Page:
“Meanwhile, all the cruise lines were continuing to build their new ships. Over the two years period, there have been more than 30 new ships have been built across all the cruise lines. In 2021 alone, there some 20 new ships that were delivered and in 2022, we are looking forward to another 16 new ships to be delivered,” says Lakshmi.

She refers to a recently conducted survey that shows a very positive comeback for cruises. According to the results, 82 per cent of cruisers said that they are ready to go back to cruising again and 62 per cent of non-cruisers said that they say they were interested in cruising.

“So, the demand is there, a strong pent-up demand, in fact and some very interesting itineraries. There are a lot of new ports, which have not been tested before, many cruise lines have their world cruises.

“This is the right time to focus on cruising,” she tells the audience.

It would not have been possible to resume cruising in such a successful way without first putting a strong focus on health and hygiene safety security measures.

Michael English tells us, “I like to refer to is sort of the three C's. The first thing is the communication. The cruise lines have put an incredible amount of additional safety protocols in place. The majority of cruise lines are saying everybody who's coming on board that ship has to be vaccinated. That's one of the things which have been driven by the CDC, which is the Centre of Disease Control in the US. Also all of our crew have to be vaccinated and boosted as well. In many of the ports of call, we are testing guests before they arrive. Should anybody prior to embarking and cruise test positive, they're refunds. There’s this confidence that as an industry, we're doing everything we can.

“The pent-up demand is incredible,” says English. “I encourage every one of you to pick up the phone to two or three of your customers and ask them if they’ve ever considered a cruise and they’ll most likely say yes.”

Spain, home to the cruise port of Barcelona, has about 5000 kilometres of coastline, including one of the longest Mediterranean coastlines and 60 islands. “In 2019, Spain got 10.6 million cruise visitors, which contributes to nearly 1 per cent of the country’s GDP. We support the cruise industry as much as we can. It provides nearly 50,000 jobs in Spain.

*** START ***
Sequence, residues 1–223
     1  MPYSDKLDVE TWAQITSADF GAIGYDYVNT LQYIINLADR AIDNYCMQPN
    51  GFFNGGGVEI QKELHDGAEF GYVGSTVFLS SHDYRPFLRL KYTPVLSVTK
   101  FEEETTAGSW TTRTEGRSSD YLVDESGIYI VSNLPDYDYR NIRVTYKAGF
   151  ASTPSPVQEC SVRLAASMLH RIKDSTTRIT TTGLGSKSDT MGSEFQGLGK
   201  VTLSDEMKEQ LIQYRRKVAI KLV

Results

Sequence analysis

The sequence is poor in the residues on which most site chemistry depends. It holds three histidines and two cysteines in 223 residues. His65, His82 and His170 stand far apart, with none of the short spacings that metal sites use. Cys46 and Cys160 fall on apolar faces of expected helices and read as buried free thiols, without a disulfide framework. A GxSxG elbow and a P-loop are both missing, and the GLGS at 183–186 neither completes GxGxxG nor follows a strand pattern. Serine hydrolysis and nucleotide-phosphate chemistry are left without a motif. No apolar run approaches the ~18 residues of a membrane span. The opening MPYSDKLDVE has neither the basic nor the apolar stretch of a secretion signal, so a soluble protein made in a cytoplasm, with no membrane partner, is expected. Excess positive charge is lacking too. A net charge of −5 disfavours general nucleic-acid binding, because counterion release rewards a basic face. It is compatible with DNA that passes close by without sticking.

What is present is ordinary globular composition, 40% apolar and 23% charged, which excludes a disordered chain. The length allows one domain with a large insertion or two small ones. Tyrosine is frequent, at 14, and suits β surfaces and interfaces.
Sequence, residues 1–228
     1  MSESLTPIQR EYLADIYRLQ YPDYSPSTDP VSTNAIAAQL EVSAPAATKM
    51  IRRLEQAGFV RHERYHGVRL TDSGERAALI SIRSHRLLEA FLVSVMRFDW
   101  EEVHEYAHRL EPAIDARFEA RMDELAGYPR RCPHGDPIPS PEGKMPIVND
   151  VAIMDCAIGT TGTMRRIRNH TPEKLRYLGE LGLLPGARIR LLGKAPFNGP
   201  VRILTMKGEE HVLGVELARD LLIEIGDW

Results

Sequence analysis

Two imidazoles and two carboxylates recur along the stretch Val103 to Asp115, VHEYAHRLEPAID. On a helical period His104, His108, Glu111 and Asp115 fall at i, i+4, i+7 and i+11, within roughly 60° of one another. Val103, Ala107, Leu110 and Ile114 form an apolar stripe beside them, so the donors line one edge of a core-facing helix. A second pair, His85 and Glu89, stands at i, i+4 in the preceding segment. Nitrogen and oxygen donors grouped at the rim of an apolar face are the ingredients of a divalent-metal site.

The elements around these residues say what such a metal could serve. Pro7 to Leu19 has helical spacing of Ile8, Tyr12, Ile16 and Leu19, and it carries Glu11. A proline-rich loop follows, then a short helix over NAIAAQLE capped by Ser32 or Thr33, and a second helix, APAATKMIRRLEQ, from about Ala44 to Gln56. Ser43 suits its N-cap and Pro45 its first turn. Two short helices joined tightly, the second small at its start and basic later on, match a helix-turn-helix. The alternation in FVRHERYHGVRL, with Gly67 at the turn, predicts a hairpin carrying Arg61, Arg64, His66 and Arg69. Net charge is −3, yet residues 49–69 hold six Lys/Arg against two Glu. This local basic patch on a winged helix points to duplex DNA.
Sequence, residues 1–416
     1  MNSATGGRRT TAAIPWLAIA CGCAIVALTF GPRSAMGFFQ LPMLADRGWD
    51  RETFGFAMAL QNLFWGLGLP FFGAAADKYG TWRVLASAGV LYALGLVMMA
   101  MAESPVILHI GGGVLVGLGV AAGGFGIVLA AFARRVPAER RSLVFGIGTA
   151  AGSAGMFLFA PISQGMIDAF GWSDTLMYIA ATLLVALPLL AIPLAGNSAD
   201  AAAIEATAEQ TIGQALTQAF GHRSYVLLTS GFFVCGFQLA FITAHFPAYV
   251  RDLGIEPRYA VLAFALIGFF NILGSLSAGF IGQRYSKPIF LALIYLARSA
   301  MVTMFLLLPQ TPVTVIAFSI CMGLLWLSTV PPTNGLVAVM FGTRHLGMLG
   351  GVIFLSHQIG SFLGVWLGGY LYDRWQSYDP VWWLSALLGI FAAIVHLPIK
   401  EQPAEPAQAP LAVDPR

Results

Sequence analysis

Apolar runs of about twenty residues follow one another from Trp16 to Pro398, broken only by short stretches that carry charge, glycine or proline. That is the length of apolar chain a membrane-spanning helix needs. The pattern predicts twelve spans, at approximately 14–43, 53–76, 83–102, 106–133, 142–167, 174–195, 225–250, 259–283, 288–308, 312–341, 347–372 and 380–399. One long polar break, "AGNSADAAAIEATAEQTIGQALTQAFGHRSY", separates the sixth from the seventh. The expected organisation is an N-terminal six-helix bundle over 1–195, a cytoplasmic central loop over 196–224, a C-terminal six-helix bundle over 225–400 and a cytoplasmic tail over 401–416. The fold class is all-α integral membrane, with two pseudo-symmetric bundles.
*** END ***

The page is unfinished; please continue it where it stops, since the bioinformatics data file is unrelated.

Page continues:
“When someone decides to go on a cruise, of course they consider the cruise line, the facilities but they also consider the port and destinations are also important during the decisionmaking process. We try to make our destination as attractive as we can. Also when the destinations are open and safe, it's easy to go to there. In 2021, we started seeing some recovery: 1.3 million cruise passengers and we were open only half of the year.”

Anyone from the UAE, KSA and Qatar, can go to Spain without a PCR or vaccination, just you have to fill in a form, assures Rosado.

Speaking of ease of travel, Dubai and the UAE have to be mentioned. Radhakrishnan shares some numbers from the region. “This season there are around 126 cruise calls and over half a million cruise tourists are expected. And this reflects in the UAE’s rising importance as cruise destinations not just in the region but globally. Many of the cruise liners have added the UAE and this region into their itineraries.

The UAE has five cruise terminals with a variety of facilities, including a dedicated Emirates counter to ease check in. “We had MSC’s naming ceremony in the UAE last year and are deploying one of our latest fleet and the largest fleet for 2022 to 23 season here. To increase the capacity, we'll also have a second ship deployed in UAE.” For the locals and residents, just drive your car, park it – parking is free – get into the ship, enjoy a seven-nights cruise – it’s as easy as ABC, he says.

Asif Husain explains that booking a cruise is quite simple. “There are a few things that one needs to do before for it to become easy for you to book. Most cruise lines modules that you could go through to learn – the idea is to recognise the niche between each one of us and to sell accordingly. The issue with this market, which has been the traditional issue that we always suffer from, is last minute bookings. Getting people to book early always pays rich dividends. If you push the booking window a little earlier, it will really help you. You won't be stressed, the client won't be stressed, the client will get better value for their money and the exact cabin they want.”

Mohamed Saeed adds, “I'm sure everyone has mastered their product knowledge when it comes to land vacations. You know which product or service will match with which customer. Similarly, every product in the cruising world also has its niche, the right customer and the wrong customer. Identifying your customers, understanding the brands and then figuring out who fits where across the brands, whether it’s a family vacation cruise, or honeymooners, or VIPs and ultraluxury, is key. This is endgame for all of us - to see pioneers in the industry and our travel partners, recognising and differentiating product offerings from different cruise lines.”  

Spacer